Another Asbestos myth exposed
"Asbestos fibers do not bind to soils, and do not migrate to groundwater through soil. Asbestos fibers are not water soluble and do not move through groundwater to any appreciable extent. Asbestos is not expected to accumulate in aquatic life."
Margaret Miller, MLA Minister of Environment
A new study shows asbestos fibers can move through sand and soil, a breakthrough that challenges current remediation strategies for preventing exposure to the cancer-causing mineral.
Geologist Jane Willenbring of the Scripps Institution of Oceanography at the University of California San Diego leads the ongoing study. The first phase tested the long-held belief that asbestos waste pilesare locked in place when capped by soil.
Willenbring’s postdoctoral researcher Sanjay Mohanty of the University of Pennsylvania discovered that when organic acids coat asbestos fibers, the threads can travel through sand and soil.
“This is something that can happen in soils, where you have organic acids that are created from plants, fungi and also bacteria,” Willenbring told Asbestos.com. “These organic acids can coat the outside of the fibers and actually change the mobility of the fibers.”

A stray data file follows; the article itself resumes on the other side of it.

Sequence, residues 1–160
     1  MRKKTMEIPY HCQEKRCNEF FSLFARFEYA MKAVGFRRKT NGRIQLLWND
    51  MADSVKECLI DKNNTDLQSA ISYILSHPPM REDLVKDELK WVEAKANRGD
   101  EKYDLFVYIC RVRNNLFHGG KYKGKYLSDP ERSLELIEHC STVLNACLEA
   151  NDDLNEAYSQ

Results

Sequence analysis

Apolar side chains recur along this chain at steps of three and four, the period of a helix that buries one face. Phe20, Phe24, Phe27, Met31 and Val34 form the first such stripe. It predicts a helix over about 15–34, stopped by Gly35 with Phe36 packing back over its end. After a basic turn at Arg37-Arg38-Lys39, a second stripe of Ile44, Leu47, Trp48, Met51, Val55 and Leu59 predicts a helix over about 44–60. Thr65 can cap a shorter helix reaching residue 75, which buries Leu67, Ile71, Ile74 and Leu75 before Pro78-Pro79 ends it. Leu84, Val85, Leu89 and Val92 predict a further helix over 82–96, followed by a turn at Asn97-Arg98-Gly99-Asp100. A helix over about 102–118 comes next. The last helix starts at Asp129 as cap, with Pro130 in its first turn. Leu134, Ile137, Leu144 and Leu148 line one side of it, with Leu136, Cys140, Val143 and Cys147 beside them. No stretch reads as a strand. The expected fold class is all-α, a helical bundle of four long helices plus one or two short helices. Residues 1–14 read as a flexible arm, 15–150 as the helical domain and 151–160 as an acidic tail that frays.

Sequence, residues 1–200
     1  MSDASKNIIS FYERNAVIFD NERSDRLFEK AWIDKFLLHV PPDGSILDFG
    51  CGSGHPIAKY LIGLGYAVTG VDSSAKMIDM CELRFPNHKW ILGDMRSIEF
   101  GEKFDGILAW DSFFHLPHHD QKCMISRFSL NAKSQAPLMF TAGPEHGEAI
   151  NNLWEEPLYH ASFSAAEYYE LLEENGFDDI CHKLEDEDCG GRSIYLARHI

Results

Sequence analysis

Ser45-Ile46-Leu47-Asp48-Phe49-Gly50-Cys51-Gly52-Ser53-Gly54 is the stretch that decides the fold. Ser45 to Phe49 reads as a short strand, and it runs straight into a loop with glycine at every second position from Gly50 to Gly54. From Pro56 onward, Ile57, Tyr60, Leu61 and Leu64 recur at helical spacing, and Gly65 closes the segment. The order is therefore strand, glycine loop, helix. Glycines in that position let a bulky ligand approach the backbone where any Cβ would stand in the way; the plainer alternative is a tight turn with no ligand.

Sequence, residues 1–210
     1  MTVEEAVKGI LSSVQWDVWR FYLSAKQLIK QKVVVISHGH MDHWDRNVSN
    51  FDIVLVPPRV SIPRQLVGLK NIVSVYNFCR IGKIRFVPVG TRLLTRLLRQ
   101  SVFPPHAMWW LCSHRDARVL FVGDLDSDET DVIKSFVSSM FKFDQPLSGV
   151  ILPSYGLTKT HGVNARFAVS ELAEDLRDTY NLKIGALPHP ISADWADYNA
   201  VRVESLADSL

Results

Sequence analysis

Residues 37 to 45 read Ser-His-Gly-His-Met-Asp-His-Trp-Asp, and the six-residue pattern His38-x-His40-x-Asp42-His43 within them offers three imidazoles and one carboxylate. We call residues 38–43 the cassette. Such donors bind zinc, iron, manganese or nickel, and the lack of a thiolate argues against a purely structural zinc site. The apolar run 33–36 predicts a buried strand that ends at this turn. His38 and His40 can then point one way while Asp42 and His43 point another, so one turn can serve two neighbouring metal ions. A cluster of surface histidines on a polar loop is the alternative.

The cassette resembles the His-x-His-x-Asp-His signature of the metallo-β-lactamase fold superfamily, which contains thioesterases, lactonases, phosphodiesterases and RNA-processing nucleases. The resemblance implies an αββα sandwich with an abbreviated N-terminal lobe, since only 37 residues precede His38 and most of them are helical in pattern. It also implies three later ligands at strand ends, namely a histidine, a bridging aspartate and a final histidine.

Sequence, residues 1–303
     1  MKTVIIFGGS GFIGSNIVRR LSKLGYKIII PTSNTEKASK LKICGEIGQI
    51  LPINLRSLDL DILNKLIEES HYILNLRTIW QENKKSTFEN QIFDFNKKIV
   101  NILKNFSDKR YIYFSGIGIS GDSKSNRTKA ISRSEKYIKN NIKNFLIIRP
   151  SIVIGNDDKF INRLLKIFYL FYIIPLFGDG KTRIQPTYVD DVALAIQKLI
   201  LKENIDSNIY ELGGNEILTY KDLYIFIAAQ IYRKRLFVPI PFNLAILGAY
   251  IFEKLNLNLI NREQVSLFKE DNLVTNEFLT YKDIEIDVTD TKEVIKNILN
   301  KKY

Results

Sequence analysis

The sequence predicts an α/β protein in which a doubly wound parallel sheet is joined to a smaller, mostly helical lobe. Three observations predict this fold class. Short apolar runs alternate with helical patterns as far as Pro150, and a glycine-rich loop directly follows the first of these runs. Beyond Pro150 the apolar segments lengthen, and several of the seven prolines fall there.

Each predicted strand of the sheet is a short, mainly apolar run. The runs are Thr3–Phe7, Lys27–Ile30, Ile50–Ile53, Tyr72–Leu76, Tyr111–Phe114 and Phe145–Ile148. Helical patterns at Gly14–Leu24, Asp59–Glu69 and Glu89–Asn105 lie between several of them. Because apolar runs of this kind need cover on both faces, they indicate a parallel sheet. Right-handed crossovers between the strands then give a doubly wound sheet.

Large amounts of asbestos waste buried in the environment have concerned scientists and environmentalists for years, but surprisingly, few have explored how asbestos fibers contaminate groundwater.
“They find it in water, and they know where the asbestos is, so they can assume transport,” Willenbring explained. “But this is the first time anyone has put a known amount of asbestos in the top of a soil column and actually saw some asbestos coming out.”
Willenbring presented her findings in August at the 2016 American Chemical Society meeting in Philadelphia. The National Institute of Environmental Health Sciences funded the project.